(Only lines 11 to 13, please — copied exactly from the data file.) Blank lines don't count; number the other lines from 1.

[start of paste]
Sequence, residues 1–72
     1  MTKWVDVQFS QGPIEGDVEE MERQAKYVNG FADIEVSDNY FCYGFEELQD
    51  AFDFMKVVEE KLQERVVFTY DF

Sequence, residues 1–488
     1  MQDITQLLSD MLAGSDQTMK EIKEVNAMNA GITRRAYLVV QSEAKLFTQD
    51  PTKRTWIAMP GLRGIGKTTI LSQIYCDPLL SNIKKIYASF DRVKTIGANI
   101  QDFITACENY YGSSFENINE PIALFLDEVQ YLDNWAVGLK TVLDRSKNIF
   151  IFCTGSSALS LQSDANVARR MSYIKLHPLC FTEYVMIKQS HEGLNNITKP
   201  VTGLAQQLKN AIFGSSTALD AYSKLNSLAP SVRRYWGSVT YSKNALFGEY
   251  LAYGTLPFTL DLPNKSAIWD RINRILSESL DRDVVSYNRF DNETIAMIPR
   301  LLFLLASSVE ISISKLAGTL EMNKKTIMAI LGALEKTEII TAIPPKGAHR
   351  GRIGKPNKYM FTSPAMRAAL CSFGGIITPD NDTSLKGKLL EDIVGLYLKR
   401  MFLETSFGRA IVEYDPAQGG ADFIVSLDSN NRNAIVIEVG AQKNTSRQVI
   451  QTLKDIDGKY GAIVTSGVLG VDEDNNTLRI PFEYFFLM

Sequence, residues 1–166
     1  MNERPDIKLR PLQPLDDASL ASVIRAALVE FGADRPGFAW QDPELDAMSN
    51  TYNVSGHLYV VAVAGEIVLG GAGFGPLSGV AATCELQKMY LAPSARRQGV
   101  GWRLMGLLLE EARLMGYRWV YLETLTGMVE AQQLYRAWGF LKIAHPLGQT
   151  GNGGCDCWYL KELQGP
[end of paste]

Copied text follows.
   301  LLFLLASSVE ISISKLAGTL EMNKKTIMAI LGALEKTEII TAIPPKGAHR
   351  GRIGKPNKYM FTSPAMRAAL CSFGGIITPD NDTSLKGKLL EDIVGLYLKR
   401  MFLETSFGRA IVEYDPAQGG ADFIVSLDSN NRNAIVIEVG AQKNTSRQVI